Listening to the five-hour discussion, I imagined sending kids back to school with the more flexible interpretation of forming stable cohorts and distancing six feet apart “as practicable.” But, for my family in particular, I am not sure if that works. My husband is on the front lines of treating COVID patients and I have a child who falls in the “high risk” category. For these reasons and more, I definitely wouldn’t feel comfortable with sending my children into a classroom that doesn’t meet all required mandates to ensure safety. But at the same time, I worry about remaining online and possibly further expanding the digital divide. There are an awful lot of expectations being placed on our students and teachers in a very short period of time. And from the number of phone calls, texts, FB posts, and emails I have received today, there are many in our community who feel the same.

We all want kids back on campus. But I want us to be smart about it. Let’s not be in such a rush to trade in our current problems for equally imperfect and damaging solutions. I believe we can figure out a way to accomplish all that we need and want. And I urge you all to let your voices be heard. At the very least, we need an adequate survey that gives clear options for informed choices. There is also a great thread on the STEP UP 4 SDUHSD Group page, specifically a list of questions parents are compiling regarding the proposed plan. Let’s educate ourselves, ask questions, and request a thorough and comprehensive review, as well as a clear and interactive voice in this process.

 

October 14, 2020

For those of you who have been listening to me, I have repeatedly stated that I am running for School Board because I care about students and I believe in our schools. As a mother of three recent SDUHSD graduates, I have a full and comprehensive perspective of exactly what our district represents: Exceptional classroom instruction that prepares our children for their future goals.

Within that knowledge, is the other half of the story. I am also running for School Board out of an enormous sense of gratitude for our teachers, staff, and administrators. From the first day of kindergarten to the pomp and circumstance of high school graduation, the educators in my family’s life have helped me raise my son and daughters to be strong, independent, productive young adults. And I am not afraid to express my profound appreciation for the talent and time they dedicate to all our children every day.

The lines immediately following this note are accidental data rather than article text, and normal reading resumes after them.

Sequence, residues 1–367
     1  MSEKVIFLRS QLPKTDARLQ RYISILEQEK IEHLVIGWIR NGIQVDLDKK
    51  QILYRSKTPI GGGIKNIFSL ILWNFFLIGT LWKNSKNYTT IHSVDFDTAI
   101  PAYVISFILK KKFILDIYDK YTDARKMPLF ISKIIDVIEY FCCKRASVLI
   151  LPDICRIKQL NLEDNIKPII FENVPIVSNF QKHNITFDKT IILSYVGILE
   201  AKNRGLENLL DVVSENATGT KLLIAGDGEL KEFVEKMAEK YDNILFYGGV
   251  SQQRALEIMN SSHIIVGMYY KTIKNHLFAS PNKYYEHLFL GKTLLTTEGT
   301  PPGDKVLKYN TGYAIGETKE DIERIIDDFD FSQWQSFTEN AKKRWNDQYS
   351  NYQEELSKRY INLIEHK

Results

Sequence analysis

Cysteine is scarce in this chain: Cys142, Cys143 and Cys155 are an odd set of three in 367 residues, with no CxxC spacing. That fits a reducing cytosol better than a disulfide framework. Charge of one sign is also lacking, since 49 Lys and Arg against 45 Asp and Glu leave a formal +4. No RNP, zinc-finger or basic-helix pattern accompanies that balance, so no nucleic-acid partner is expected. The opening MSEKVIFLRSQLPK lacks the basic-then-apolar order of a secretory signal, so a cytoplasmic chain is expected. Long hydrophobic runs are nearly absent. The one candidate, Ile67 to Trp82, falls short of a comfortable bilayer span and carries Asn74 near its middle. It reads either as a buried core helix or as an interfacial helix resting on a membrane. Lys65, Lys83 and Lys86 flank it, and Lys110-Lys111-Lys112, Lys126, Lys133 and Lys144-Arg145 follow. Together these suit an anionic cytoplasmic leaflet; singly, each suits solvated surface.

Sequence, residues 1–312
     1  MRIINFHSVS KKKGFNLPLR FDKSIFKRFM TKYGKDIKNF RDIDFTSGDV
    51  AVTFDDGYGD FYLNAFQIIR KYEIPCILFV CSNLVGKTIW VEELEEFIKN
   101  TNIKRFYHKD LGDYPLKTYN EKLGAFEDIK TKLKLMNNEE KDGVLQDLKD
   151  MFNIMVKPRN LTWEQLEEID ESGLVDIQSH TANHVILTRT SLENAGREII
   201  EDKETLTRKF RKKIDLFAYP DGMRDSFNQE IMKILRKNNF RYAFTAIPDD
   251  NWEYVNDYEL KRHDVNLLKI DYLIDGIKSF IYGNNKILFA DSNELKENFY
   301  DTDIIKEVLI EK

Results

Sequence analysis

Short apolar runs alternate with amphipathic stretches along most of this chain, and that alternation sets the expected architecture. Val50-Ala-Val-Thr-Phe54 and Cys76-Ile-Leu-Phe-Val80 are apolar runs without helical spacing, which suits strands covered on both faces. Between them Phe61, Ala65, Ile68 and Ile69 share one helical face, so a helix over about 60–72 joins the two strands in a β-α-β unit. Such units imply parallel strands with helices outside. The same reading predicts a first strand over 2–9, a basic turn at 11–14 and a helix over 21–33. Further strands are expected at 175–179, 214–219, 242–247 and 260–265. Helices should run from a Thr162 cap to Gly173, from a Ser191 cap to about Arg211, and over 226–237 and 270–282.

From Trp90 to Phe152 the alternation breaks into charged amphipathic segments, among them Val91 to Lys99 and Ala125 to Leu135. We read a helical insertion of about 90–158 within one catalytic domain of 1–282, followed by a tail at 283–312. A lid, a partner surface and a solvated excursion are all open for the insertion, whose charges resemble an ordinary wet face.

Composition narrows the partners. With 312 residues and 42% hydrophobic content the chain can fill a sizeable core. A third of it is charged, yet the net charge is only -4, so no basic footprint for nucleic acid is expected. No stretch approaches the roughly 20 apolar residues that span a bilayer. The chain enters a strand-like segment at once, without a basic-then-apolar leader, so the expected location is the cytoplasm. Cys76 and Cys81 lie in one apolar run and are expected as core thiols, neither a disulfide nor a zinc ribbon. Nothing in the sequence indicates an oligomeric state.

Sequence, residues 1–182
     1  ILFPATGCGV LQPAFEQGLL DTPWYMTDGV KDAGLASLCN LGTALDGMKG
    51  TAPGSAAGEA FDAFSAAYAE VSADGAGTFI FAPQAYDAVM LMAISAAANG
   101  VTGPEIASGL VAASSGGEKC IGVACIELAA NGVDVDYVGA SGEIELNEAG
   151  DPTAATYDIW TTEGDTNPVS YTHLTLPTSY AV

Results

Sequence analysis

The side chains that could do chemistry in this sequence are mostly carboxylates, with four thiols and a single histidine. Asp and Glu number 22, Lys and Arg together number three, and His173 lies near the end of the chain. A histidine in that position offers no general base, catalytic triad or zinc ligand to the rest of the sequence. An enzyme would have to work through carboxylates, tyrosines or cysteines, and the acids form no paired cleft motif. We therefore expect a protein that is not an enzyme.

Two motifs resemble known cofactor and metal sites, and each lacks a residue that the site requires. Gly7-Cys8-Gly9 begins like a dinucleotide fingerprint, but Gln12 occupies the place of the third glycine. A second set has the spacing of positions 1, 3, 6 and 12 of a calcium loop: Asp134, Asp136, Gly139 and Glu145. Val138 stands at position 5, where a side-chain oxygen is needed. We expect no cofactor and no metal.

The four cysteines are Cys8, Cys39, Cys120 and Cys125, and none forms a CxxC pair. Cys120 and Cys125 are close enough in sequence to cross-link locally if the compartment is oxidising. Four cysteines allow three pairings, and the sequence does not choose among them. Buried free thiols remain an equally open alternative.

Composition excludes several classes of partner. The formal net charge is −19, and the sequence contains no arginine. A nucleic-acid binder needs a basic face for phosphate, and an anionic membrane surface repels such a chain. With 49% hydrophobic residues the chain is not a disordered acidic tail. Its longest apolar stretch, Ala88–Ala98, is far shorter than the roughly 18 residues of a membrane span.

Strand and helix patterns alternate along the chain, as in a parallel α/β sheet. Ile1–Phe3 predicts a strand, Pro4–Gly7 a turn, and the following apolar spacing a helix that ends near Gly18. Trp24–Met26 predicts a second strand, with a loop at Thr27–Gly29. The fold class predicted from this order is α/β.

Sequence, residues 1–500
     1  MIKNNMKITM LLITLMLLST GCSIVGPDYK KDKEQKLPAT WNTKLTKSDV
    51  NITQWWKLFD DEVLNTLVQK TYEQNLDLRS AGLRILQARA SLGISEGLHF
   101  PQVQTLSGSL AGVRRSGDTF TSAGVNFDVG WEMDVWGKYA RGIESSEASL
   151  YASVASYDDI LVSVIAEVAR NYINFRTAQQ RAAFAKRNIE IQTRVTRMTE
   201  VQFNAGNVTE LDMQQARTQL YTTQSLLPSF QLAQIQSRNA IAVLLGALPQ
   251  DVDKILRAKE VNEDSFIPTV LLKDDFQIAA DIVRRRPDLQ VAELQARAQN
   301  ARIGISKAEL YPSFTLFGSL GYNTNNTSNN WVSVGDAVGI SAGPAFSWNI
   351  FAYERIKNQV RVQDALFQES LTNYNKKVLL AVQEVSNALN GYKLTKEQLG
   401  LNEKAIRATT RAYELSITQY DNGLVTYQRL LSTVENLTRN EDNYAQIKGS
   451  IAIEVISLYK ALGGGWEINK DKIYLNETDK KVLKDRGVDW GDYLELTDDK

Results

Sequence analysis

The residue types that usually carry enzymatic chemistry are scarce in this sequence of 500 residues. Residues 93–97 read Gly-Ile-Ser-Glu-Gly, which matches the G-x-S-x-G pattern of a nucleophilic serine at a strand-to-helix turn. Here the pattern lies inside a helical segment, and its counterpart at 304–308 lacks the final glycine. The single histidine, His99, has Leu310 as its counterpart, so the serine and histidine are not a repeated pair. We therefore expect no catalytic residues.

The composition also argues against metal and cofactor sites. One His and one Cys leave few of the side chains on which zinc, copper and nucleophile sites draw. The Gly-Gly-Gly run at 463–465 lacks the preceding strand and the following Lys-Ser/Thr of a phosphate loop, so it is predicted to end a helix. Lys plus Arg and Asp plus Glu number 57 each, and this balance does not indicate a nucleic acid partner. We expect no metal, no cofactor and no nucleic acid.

So if for those same reasons, I am accused of being “for teachers,” then I proudly agree. I am for the teachers and staff members who gave up their Saturday mornings and joined my family for our annual walk to raise money and awareness to cure my son’s disease. I am for the teachers and coaches who encouraged my middle daughter to find her voice and inspired her to eventually follow her dream of attending law school. I am for the teachers and administrators who spent countless hours before, during, and after school mentoring my youngest to be the best version of herself, as a student and hopeful physician one day. And I would be remiss if I didn't say I am also for all the teachers in my own family: My grandfather who taught high school history. My mother who taught Kindergarten. My uncle, a writer and English teacher. My sister who taught elementary school. And my sister-in-law who currently teaches elementary school in a neighboring district.